Getting to solutions to the problems that currently face public education just simply won't be possible in a "short answer" format. Nevertheless, as a candidate who wants to serve on the state's highest policy-making body for public education, it will be incumbent upon me to offer a "short answer" that will at least shed some light on the solutions for which I advocate.
Charters - to be or not to be - is an issue for which many constituents want a short answer. I can almost guarantee a question in debate on the issue will be: Do you oppose (or support) charters? YES or NO
Much like the format of a standardized test where even bubbling in the "correct" answer reveals little about the quality of the test takers' learning, a YES or NO answer to the charter question reveals nothing about the respondent's insight regarding the charter conundrum. It certainly reveals nothing about the solutions that will be needed once a candidate is elected to BESE.
I read this conversation between Dr. Deborah Meier, well know early childhood educator and Joe Nathan, her long time colleague, friend and co-thinker from Minnesota, who is still a charter fan! Joe is the director of the Center for School Change.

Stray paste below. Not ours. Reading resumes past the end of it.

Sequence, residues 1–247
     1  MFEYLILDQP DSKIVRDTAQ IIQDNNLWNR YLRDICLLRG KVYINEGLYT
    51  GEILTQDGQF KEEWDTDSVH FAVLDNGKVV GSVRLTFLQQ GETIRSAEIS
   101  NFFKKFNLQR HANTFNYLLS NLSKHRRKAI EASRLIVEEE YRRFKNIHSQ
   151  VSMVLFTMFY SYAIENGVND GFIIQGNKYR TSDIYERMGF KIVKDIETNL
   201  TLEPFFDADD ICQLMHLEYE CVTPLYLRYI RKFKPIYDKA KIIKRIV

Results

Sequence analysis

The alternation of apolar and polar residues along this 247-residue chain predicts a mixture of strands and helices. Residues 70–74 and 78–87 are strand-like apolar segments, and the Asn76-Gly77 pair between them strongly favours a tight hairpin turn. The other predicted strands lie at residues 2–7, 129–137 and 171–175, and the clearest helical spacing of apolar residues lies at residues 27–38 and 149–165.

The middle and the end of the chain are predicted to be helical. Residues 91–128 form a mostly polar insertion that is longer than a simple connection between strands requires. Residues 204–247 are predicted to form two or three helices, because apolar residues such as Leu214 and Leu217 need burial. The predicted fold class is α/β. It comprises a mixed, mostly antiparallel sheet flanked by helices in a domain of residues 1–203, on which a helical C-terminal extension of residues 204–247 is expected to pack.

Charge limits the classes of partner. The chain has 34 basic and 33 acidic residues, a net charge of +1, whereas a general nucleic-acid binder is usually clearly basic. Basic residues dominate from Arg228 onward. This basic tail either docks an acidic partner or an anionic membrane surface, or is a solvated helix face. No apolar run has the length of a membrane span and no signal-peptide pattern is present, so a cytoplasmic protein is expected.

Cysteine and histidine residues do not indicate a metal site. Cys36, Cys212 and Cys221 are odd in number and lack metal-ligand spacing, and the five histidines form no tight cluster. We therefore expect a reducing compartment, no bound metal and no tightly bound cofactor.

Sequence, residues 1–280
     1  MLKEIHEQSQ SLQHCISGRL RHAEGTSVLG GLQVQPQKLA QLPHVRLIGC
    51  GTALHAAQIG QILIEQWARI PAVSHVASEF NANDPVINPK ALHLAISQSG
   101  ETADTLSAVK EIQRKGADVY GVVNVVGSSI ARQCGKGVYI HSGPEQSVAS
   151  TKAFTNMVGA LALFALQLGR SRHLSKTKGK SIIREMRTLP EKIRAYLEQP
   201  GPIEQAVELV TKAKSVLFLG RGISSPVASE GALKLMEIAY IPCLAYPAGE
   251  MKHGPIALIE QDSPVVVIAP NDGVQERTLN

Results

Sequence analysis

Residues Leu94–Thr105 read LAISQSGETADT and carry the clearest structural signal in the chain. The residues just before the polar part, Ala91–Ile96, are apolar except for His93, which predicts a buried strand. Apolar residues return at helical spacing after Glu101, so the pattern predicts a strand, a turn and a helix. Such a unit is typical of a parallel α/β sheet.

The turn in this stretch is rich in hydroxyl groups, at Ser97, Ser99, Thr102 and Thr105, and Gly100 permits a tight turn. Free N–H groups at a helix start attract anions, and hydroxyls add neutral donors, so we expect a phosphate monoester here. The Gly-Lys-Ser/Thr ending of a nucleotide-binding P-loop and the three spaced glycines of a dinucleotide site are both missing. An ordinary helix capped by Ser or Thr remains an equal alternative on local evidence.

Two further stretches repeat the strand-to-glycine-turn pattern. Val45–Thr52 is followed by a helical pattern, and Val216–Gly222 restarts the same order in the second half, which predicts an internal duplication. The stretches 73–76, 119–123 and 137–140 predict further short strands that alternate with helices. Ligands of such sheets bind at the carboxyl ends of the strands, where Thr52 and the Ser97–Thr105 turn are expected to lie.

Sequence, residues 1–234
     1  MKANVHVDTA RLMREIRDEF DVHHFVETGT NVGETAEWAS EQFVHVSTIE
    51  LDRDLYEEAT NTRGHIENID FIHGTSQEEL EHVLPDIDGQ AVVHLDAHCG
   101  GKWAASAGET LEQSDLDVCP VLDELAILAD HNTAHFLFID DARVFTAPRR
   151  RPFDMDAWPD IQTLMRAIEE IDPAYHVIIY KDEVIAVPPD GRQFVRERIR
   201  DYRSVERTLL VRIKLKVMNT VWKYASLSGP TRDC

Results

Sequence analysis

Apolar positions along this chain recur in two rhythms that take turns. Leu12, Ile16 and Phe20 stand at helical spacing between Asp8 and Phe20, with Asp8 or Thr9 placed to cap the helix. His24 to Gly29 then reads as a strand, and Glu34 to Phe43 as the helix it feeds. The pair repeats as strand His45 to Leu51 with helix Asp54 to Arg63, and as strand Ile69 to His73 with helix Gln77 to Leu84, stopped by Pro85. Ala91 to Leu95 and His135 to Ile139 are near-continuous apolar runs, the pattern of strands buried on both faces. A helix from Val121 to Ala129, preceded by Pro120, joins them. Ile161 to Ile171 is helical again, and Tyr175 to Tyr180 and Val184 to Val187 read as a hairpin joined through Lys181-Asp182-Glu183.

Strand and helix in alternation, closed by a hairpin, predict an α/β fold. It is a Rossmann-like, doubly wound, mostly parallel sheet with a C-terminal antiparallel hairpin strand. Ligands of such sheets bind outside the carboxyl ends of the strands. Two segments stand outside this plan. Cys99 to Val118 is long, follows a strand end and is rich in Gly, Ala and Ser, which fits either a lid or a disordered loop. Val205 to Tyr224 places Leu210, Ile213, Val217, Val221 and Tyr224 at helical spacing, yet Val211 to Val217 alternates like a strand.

Both offer their differing insights on charters and at the end, I offer mine which is concise but addresses only one small part of the numerous problems I have experienced with charters in Louisiana. YES I have problems with charters being funded as public schools.
I know these won't be my last words on charters as the campaign progresses. If you are a proponent or opponent of funding charters as public schools in Louisiana, please offer some specifics. I promise I will discuss them in a future blog.
Dr. Meier's concluding statement:
Alas, choice and privatization are being cheered on by the most powerful forces in the country and (yes) allies who get into the highly touted schools they create, while it's tearing apart advocates of public education and public space itself. That's what we need to figure out together--a program that brings advocates for the public space together.Joe Nathan's concluding statements:
I don't always agree with everyone supporting chartering. Neither do I agree with everyone who has supported other important expansions of opportunity over the last 40 years. Real-world progress comes from developing alliances among people who don't always agree. Chartering is not the only important strategy for improving schools. But it does respect the insights, ideas, and creativity of educators. Indeed, the idea of teacher- led schools is a growing, encouragement development. It's one of the good ideas that has come from chartering. I'll say more about other important strategies later this week.My response to the conversation:
I am guessing that charters would not have been so widely rejected had they proven themselves first as privately funded open enrollment schools. My guess is they would not be enjoying all the private funding had the agenda been innovative quality education for all students rather than facilitators for private investment profits. Time to acknowledge the realities, not just the aspirations.